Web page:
Liberty YRE



Liberty, TX has the first true replica of the original Liberty Bell in Philadelphia as it was first cast. Liberty’s bell weighs 2,016 pounds and was made at the Whitechapel Foundry in London in 1960.

From our walk of the 2004 event.


A bell tower was built in time to honor the 200th anniversary of our nation’s founding. In 2009 the Bell Tower had to be demolished because of structural problems. The Liberty Rotary Club is currently selling concrete Liberty Bells for $300 to be delivered to any home or business near Liberty, Texas to raise funds to build a new tower.

Walk starts here, note the cement liberty bell out front.

Gazebo named after Vera Daniels, local leading citizen. Built in 2005.

The Park Theater was built in 1938 and continued as a movie theater for many years. In 1993 it was reopened as the Liberty Opera, offering live Branson style entertainment.

Rotary Club Clock located on the grounds of City Hall in Liberty.

1931 Art Deco style courthouse is the 7th for the county.

Historical Marker about the counties'
seven courthouses next to the cornerstone
of the 6th courthouse.

From 1838 to 1855, Sam Houston practiced law in Liberty, maintaining an office on this site across from the Courthouse Square.

Pretty office building with cement bell.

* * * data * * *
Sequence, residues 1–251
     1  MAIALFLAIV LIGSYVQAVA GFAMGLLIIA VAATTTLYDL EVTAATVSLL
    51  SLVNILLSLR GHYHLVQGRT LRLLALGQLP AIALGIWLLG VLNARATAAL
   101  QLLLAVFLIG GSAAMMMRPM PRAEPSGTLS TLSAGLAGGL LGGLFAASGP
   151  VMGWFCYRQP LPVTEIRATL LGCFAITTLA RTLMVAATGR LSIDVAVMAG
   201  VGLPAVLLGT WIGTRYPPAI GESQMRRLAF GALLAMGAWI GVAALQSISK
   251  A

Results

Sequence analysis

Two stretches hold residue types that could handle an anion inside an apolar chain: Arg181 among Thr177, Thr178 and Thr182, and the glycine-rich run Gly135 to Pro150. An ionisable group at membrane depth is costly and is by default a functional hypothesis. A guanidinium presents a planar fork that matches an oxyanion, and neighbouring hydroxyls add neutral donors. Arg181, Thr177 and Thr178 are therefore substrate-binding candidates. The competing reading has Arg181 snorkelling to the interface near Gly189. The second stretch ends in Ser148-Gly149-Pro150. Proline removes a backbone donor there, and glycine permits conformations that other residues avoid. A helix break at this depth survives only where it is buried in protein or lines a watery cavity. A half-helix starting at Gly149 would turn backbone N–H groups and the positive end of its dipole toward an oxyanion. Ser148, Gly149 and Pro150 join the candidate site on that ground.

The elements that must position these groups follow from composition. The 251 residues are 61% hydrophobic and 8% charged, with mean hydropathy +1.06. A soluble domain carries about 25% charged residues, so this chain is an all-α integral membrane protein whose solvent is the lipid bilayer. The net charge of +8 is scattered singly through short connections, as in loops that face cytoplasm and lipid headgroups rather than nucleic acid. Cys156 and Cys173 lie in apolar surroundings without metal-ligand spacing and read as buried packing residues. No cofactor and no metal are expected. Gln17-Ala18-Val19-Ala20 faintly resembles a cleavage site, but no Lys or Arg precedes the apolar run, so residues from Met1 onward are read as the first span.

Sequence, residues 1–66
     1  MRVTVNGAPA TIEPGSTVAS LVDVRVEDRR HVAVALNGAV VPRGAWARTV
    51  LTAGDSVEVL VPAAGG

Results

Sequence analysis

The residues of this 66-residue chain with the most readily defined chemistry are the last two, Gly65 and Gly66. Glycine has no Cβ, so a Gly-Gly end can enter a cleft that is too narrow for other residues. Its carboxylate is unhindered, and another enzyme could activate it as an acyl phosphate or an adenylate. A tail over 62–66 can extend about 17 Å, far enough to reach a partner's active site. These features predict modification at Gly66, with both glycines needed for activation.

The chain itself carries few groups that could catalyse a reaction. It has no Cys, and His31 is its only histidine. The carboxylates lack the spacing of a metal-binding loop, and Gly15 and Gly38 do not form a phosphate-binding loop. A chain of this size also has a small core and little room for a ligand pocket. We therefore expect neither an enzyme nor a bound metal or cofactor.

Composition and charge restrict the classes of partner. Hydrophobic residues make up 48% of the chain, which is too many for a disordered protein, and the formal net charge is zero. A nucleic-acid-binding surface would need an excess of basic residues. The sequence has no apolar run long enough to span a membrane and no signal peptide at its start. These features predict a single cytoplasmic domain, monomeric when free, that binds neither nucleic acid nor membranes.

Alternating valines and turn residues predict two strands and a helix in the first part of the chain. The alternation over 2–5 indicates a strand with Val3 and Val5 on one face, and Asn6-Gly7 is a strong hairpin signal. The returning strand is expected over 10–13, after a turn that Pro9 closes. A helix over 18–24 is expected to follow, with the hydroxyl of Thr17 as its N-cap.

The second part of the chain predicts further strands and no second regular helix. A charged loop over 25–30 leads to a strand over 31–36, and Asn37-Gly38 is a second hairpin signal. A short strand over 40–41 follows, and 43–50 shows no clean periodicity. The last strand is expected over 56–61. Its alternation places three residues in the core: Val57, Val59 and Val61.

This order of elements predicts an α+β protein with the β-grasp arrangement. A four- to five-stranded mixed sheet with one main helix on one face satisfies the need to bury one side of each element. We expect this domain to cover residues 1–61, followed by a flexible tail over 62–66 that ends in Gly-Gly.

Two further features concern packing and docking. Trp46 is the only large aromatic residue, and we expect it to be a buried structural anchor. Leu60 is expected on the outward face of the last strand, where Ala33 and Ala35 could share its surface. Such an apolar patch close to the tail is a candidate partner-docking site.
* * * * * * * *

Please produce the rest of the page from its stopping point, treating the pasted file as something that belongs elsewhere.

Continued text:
Building adorned with Frieze Art.

Texas and New Orleans RR Depot, well preserved but empty.
Opened in 1928 to accommodate the numerous passengers from the Texas & New Orleans Railroad, the Ott Hotel thrived during Liberty’s prosperous oil boom days. Reported to be haunted.

Carol and Ed reading the marker for the Geraldine D. Humphreys Cultural Center.

One of several Tulip trees scattered around town that are in bloom.

Headed inside the New Post Office to see the mural.

1939 WPA mural entitled “Story of the Big Fish”.

In 1848 the town’s trustees selected this location for a community burial ground.

In 1853 the Rev. Petrus Marie LaCour came to this area. He served as the first pastor of the Immaculate Conception Catholic Church. Acting on behalf of the Galveston Diocese, he purchased this site as a burial ground for Catholic settlers of the county.

War Memorial

Nice older home high enough it won’t flood.

Cement bell in the yard of a UT supporter.

Old 1930’s style post office of light colored brick is now an insurance office.

5th sanctuary of the First United Methodist Church which was organized in 1840.

One of the oldest existing structures in Liberty, this home was built in 1860 by Judge Cleveland.

Former home of Gov. Bill Daniels. (Governor of Guam, not Texas)

Henry and Bridgett Ager Home is a two story classical revival-style home features cypress construction, a wraparound gallery and railing, and decorative gables and transoms.

Liberty Masonic Lodge No. 48

Headed back to the start/finish we again passed the courthouse square and this unique marker with the history of the area.